Google’s New IP Protection Feature Obfuscates Users’ IP Addresses

Tyler Cross
Tyler Cross Senior Writer
Tyler Cross Tyler Cross Senior Writer

Google is testing its new feature, IP Protection, which obfuscates users’ IP addresses to help them maintain privacy from third-party trackers.

This feature was originally proposed several years ago, under the name Gnawcatcher. The original idea was to get away from third-party cookies and trackers entirely. Gnawcatcher was going to block the collection of cookies and your IP address entirely, so you can’t be tracked by anyone.

However, as the development of the feature went on, they discovered a major problem. Websites had good reason to collect IP addresses, whether to help prevent fraud, collect consumer data to improve the website, or for legitimate third-party use (not sold to advertisers).

Google wouldn’t be able to simply uproot how websites process information without serious considerations.

In the end, they decided on the IP Protection feature, which is completely opt-in.

“Chrome is reintroducing a proposal to protect users against cross-site tracking via IP addresses. This proposal is a privacy proxy that anonymizes IP addresses for qualifying traffic,” says Google.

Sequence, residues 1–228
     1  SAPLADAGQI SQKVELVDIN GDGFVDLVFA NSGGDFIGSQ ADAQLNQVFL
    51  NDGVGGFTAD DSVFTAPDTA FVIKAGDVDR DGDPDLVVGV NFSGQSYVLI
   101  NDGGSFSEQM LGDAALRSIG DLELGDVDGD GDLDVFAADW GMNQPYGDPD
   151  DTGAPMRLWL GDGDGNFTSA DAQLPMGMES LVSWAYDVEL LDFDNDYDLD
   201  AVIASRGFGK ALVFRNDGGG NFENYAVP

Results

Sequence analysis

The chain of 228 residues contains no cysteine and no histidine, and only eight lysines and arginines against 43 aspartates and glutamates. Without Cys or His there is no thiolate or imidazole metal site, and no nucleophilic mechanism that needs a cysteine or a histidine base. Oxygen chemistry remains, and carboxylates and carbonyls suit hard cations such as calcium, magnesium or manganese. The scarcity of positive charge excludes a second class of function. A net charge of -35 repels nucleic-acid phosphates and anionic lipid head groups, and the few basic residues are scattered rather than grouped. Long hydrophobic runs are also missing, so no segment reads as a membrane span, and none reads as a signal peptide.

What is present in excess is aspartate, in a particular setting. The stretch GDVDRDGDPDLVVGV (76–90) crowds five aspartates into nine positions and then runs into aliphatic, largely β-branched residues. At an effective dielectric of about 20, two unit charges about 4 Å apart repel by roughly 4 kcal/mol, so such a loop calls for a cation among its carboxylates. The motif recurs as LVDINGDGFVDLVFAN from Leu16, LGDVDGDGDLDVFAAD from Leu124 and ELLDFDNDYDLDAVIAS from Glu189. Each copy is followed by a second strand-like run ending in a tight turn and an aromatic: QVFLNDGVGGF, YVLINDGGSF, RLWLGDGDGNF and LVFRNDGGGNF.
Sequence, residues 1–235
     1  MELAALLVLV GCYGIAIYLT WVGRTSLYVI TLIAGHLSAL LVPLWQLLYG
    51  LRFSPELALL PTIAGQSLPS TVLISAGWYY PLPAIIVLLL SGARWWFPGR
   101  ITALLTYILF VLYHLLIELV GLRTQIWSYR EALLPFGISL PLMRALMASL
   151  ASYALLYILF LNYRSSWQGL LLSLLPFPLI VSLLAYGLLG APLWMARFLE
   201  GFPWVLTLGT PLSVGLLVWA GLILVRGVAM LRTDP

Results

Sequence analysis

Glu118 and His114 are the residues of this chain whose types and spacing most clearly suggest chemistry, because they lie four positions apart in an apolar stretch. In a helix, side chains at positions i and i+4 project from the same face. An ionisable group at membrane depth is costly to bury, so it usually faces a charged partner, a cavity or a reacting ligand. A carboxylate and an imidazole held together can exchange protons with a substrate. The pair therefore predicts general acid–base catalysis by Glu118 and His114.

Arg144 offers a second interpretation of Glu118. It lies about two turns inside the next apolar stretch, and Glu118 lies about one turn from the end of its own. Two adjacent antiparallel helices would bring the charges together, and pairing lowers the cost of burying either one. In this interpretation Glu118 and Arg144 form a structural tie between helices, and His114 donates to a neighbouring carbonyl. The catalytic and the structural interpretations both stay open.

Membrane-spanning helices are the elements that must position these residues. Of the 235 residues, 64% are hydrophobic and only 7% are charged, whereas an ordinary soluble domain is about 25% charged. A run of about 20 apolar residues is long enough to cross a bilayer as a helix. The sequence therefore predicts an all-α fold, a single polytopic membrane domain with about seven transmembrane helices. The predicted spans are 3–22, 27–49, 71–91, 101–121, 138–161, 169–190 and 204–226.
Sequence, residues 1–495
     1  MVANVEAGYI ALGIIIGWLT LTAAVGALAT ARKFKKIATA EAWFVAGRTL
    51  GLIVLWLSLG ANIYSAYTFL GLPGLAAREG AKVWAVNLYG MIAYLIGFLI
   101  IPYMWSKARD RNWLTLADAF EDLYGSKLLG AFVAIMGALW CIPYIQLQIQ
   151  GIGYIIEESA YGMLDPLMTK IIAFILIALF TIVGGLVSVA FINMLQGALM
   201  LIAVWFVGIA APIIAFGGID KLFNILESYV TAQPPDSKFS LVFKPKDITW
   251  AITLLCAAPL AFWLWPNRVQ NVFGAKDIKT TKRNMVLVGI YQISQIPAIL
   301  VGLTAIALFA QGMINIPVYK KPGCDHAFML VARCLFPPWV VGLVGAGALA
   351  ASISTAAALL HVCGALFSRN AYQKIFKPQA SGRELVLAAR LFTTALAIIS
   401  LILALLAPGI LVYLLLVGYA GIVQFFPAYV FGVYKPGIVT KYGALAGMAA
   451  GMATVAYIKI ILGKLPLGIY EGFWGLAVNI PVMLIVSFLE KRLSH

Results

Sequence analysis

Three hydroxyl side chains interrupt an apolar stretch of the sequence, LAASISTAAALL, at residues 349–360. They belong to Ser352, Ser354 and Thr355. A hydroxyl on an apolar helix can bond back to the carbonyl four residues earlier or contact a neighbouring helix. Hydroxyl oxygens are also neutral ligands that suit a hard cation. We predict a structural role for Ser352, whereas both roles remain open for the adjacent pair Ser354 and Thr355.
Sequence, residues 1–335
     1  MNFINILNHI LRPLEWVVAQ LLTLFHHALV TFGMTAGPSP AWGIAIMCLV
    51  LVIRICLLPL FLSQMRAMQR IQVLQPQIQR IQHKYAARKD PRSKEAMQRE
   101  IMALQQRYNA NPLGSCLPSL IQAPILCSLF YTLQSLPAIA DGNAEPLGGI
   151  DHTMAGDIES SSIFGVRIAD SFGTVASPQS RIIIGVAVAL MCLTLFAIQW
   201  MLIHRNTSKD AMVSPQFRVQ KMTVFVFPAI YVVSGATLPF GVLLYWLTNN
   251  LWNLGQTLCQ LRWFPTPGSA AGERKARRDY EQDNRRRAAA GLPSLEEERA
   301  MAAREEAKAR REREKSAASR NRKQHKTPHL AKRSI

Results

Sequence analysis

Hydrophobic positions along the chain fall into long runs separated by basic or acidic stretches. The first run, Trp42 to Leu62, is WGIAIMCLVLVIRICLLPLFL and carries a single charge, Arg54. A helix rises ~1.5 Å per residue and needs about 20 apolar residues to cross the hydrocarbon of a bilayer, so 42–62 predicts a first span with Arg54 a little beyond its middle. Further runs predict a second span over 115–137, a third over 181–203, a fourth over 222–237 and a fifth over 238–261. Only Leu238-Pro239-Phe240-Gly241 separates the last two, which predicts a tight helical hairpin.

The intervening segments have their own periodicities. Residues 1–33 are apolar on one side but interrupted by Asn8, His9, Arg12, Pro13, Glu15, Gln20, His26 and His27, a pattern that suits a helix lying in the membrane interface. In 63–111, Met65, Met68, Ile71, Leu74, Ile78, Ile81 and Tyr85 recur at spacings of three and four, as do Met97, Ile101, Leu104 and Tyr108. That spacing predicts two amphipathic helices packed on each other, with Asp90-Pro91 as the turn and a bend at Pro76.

IP Protection routes your traffic through proxy servers to obscure your IP address from third-parties — it’s very similar to a VPN.

During its early stages of development, IP Protection will only obscure the IP address of users while on certain websites that Google has marked as likely tracking your data.

While this tool may not be as secure as a standalone VPN, it is a significant boost in Chrome user’s online privacy.

Google also plans to expand on the feature a lot over time, including the inclusion of double-hop proxy servers to route your information through two proxy servers at the same time.

“IP Protection will evolve and broaden over time in conjunction with ecosystem changes to continue to protect users’ privacy from cross-site tracking,” Google explains in a recent post.

The full version isn’t expected until sometime between Chrome version 119 and 225.

About the Author
Tyler Cross
Tyler Cross
Senior Writer

About the Author

Tyler is a writer at SafetyDetectives with a passion for researching all things tech and cybersecurity. Prior to joining the SafetyDetectives team, he worked with cybersecurity products hands-on for more than five years, including password managers, antiviruses, and VPNs and learned everything about their use cases and function. When he isn't working as a "SafetyDetective", he enjoys studying history, researching investment opportunities, writing novels, and playing Dungeons and Dragons with friends."

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